Director: Srikant Katagi
Writer: Srikant Katagi
Cast: Naveen Shankar, Archana Jois, Achyuth Kumar, Rahul Ainapur and Krishna Hebbale
Duration: 157 minutes
Available in: Theatres
For commercial film audiences so used to the organic farming trope, the mandatory hat-tip to farmers and lush fields brimming with produce, Srikant Katagi’s Kshetrapati is a breath of fresh air, even if the subject it discusses is stark and dark.
Starring the fabulous Naveen Shankar, an effective Archana Jois, and the ever-dependable Achyuth Kumar, among others, the film sets out to speak about farmer suicides, but does not stop with seeking change — it actually lays out a framework for change. And, even this path is not just filled with daredevilry and bravado, but reasonably well-thought-out moves that don’t seem preposterous.
Basava (Naveen’s on a purple patch, with one good performance after the other), a farmer’s son, is an engineering student in the city whose daydreams in class always feature him in the United States of America. A phone call informing him of his father’s suicide changes everything. Suddenly, a boy who straddles a life in the city with his roots in rural India, is made aware of the inequities back home. A home he’s never really been involved in, because there’s a stepmother in the picture. He eventually goes back to his village, to never return to college.
At times, the film might seem like a lecture, especially when Basava speaks about the ills of farming for corporations, but I saw it more as an educative experience. For a generation that does not know where vegetables grow, these celluloid classes are necessary. One question Basava asks seems to change the villagers who are caught in a horrible debt trap, buying seeds and pesticides and weedicides from corporations and with no idea about when they will be paid, and how much — how long is it since we saw earthworms?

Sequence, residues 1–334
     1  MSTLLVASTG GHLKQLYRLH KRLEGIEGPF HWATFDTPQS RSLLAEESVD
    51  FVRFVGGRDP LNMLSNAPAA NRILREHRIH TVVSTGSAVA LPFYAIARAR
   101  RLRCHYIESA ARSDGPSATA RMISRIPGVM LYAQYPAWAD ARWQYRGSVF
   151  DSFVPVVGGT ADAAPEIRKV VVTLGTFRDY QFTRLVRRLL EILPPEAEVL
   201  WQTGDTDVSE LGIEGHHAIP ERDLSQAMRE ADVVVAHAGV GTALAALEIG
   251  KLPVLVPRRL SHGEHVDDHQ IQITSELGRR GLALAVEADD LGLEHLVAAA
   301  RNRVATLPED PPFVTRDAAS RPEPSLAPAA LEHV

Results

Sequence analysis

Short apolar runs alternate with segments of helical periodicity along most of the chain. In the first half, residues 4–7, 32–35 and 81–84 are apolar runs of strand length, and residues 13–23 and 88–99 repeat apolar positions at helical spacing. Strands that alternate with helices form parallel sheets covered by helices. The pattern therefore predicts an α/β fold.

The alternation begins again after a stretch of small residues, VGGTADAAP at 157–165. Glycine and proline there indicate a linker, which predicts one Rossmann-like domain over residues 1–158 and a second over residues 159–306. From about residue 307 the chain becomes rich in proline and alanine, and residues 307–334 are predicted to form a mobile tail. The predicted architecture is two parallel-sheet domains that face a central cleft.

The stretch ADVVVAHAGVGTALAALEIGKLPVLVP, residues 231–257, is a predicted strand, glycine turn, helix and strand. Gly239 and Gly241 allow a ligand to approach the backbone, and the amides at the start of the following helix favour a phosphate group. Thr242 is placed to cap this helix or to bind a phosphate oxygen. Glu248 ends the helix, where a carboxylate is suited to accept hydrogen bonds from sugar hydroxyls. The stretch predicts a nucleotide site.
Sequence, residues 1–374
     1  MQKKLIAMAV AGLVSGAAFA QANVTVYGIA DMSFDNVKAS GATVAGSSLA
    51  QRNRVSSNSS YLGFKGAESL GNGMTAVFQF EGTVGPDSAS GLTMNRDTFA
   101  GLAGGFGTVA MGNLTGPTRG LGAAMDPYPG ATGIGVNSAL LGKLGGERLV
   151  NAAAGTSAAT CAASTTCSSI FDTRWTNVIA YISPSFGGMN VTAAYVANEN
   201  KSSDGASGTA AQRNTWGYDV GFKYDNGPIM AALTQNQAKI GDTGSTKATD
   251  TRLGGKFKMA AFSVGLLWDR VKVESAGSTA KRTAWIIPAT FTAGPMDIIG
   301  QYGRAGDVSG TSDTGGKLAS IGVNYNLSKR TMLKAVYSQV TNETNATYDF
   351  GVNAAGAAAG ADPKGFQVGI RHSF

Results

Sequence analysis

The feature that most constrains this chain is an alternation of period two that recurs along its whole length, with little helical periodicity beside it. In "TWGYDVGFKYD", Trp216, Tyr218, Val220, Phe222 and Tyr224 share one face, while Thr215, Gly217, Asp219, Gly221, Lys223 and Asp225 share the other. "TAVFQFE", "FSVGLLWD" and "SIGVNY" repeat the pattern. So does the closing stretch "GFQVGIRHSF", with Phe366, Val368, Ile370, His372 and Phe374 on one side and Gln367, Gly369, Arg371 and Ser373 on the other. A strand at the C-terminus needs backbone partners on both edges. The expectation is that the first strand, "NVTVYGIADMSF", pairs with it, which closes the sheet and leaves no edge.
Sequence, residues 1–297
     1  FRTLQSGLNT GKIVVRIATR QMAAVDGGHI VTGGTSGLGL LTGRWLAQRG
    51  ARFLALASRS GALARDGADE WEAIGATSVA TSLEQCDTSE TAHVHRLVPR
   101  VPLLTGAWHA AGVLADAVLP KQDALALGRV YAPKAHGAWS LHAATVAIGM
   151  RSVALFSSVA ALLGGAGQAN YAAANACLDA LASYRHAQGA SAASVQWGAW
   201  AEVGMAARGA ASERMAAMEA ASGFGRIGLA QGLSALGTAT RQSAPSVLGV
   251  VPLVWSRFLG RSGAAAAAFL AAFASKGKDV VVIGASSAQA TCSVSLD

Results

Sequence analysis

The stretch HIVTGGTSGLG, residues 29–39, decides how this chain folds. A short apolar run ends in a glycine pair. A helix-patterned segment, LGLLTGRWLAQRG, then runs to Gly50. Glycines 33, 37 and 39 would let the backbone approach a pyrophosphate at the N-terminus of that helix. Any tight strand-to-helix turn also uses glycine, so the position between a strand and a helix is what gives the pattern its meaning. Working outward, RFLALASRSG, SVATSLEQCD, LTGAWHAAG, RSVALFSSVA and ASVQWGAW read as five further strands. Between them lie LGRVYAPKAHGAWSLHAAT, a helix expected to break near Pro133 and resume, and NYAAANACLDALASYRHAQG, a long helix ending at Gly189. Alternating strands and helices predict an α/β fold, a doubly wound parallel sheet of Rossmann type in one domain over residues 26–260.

The corporations are hand-in-glove with the government and the local legislator, who gets a hefty commission for getting farmers in his belt to sign up with the multinational corporations who want vegetables that look and feel a particular way.
Will those in power ever listen to the genuine cries of farmers in distress? Or will they crush every movement in the fledgling stage? Predictably, it’s the latter, but how they do it is not just by brute force, but by killing spirits.
An entire ecosystem, helped by a pliant media, helps further the cause of the politicians and corporations. What happens when someone refuses to play ball? The rising number of YouTube news channels is proof of the shrinking space for honest voices in media. Something similar happens here too.
The question the film seeks to raise is simple: For every product, the manufacturer or service provider determines the rate. Why then must a farmer not be given that privilege?
Kudos to director Srikant for not just taking up a subject that desperately needs the spotlight, but for doing it with a certain earnestness that is endearing. Be it the dialect or the land, they are rooted. There’s violence, but more of the believable kind. No flying in the air or taking a hundred bullets and living to tell the tale. There’s love too but of the quiet kind. Kshetrapati says that revolution need not always be fiery and fierce, it can also be quiet and understated, it can happen in every home, street and village, and not necessarily just on the highways and in State capitals.
I’m quite looking forward to what Srikant and Naveen come up with next.
Will all this reflect in real life? Possibly not. Is this a flight of fancy? Most certainly not. Hopefully, the spark lit by the film will give farmers the respect they truly deserve, and not the platitudes that come with their being called the backbone of the nation.
The film boasts fine performances, including those played by Rahul Ainapur and Krishna Hebbale and everything looks lived-in. The earth is not a moist terracotta, but dusty and dark brown, in keeping with the region it is shot in. Cinematographer YVB Shiv Sagar captures this land in all its searing, stark beauty. Music by Ravi Basrur is sublime — the songs transport you to North Karnataka and the dirge is especially haunting.
It is especially aching that the film releases at a time when the price of tomatoes have hit the roof — in the film, it sells at Rs 40. You come back wondering, how much of this actually reached the farmer?